Geo Knight Co. Rings in 135 Years of Business

The family-run manufacturing company has come a long way since 1885.

135 yr made in usa badge 2
Geo Knight & Co. is marking all presses shipped this year with its anniversary badge as a way to celebrate the milestone. (Image courtesy Geo Knight)

Brockton, Massachusetts-based heat press manufacturer Geo Knight & Co. celebrates 135 years of business in 2020. The family-run company continues on through four generations of manufacturing USA-made machinery for a variety of markets. It is marking all presses shipped this year with its anniversary badge as a way to celebrate the milestone.

Following his immigration to Massachusetts in 1885, George Knight started a small machine shop making press machinery for the shoe industry. Knight eventually passed the company on to his four sons, who handed it on to their sons. Chesterton Knight Jr. ran the company until the current president, Chesterton Knight III (Chick) took over the reign, according to Aaron Knight, second cousin of Chesterton Knight III and vice president of Geo Knight.

As the years went on and shoe industry began to move overseas in the 1960s, the Geo Knight factory began making heat presses for airbrush artists who wanted to store artwork on carrier papers, Aaron states, allowing for easier application to shirts on-demand at outdoor events.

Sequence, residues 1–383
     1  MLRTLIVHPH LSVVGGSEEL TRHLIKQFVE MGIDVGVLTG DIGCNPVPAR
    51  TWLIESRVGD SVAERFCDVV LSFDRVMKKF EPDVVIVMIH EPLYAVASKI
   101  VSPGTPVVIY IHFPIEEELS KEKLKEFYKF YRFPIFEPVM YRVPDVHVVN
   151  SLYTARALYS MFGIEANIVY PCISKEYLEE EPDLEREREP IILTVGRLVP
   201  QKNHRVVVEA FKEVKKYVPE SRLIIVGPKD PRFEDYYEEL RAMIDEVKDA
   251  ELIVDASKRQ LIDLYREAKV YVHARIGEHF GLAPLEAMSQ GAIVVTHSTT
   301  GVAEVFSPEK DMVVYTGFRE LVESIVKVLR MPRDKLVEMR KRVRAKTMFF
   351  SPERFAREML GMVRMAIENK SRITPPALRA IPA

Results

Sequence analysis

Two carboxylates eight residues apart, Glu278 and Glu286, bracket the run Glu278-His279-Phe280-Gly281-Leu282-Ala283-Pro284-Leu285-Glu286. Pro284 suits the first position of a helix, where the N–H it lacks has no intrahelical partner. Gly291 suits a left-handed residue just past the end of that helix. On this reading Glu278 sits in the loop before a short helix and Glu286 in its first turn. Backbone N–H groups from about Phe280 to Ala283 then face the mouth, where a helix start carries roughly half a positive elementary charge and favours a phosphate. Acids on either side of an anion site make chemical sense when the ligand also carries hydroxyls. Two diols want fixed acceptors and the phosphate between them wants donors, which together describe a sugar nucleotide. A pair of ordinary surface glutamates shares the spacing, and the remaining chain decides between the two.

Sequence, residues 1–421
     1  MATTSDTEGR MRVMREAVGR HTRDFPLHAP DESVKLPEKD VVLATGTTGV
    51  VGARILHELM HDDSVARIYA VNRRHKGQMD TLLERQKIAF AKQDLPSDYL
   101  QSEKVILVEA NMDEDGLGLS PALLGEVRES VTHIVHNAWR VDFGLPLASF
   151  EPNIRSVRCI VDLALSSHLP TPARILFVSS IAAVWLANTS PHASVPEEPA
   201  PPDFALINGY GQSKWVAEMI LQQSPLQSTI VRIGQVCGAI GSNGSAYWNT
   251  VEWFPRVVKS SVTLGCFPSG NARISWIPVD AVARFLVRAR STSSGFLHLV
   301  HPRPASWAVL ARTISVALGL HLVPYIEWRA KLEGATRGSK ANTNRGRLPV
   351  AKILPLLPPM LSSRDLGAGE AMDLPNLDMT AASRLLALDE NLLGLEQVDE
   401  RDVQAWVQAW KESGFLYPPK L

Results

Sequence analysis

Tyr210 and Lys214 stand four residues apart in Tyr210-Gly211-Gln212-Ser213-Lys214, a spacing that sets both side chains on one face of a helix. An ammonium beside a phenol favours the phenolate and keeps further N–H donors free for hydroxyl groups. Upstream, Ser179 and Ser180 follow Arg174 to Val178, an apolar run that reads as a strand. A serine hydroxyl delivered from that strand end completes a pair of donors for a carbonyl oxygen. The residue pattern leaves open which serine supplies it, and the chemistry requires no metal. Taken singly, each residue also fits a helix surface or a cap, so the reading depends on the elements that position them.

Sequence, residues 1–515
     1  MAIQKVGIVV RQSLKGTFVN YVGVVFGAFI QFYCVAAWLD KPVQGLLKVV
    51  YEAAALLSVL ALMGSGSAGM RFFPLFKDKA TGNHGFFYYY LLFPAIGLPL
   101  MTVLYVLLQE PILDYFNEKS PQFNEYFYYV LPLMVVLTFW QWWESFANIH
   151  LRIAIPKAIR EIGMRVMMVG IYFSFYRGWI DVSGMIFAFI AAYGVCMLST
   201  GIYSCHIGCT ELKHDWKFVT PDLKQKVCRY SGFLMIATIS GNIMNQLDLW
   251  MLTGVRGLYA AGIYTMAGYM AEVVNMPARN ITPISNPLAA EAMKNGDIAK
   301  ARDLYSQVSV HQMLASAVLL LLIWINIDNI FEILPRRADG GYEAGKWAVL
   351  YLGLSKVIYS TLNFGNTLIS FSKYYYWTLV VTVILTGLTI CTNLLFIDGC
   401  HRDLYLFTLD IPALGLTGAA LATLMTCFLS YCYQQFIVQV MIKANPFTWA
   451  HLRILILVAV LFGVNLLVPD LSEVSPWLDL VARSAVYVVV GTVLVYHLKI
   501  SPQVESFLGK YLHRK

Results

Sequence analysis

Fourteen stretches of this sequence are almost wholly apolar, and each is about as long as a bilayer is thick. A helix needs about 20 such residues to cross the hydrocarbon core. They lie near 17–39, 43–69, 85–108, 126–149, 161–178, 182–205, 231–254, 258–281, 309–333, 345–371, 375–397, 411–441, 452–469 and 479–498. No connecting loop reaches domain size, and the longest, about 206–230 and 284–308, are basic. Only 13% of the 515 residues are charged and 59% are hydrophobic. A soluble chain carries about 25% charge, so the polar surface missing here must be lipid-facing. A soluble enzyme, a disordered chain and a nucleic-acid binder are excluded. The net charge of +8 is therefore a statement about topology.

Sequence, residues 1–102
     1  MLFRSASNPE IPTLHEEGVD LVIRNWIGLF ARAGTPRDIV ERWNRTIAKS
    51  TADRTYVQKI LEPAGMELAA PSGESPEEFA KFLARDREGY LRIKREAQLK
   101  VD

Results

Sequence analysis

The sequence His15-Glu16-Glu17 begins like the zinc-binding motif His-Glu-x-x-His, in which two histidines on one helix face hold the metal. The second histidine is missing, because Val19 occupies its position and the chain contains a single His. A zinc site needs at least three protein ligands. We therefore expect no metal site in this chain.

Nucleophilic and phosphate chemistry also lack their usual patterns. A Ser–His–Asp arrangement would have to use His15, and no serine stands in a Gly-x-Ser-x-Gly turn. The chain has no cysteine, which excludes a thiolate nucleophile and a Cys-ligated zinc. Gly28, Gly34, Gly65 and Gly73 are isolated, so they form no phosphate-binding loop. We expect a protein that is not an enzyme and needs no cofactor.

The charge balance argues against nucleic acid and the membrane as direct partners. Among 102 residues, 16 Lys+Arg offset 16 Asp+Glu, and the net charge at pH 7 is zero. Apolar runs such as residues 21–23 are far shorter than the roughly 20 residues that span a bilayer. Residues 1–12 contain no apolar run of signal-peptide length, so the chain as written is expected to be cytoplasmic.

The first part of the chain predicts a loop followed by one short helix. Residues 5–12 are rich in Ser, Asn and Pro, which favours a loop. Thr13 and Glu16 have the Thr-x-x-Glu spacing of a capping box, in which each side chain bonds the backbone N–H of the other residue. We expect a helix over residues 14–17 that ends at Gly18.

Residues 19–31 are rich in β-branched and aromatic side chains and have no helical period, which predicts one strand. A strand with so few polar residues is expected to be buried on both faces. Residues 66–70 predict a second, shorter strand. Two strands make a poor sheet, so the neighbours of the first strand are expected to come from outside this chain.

“Screen printers did the same with their designs, screening to transfer papers, for easy application onto any chosen garment for custom turnaround. From there, the heat press machine took off,” says Aaron. “The shoe machinery and cutting die business still continued strong as well over the decades, tapering off in the 80s and 90s.”

For the past 20 years, the shoe machinery and cutting die side of the business has been closed, but the mission of the company remains the same.

“Our mission is simply to provide the best equipment, at the best price, that will last the longest, with robust and instant support,” states Aaron. “As we see so much machinery and other items being outsourced overseas, our business continues to expand and grow.”

Aaron explains that today’s heat presses do the same things they did in the 60s and 70s; however, the range of heat-transfer inks, papers, applications, and digital output are wider and more unique.

“The level of creativity, artwork, color, and variety of products made with this technology is at the top of its game and tip of the spear,” Knight adds. “Imprinting full color to anything is awe-inspiring; providing the machinery to do so is a great honor and very enjoyable.”

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Julia Schroeder

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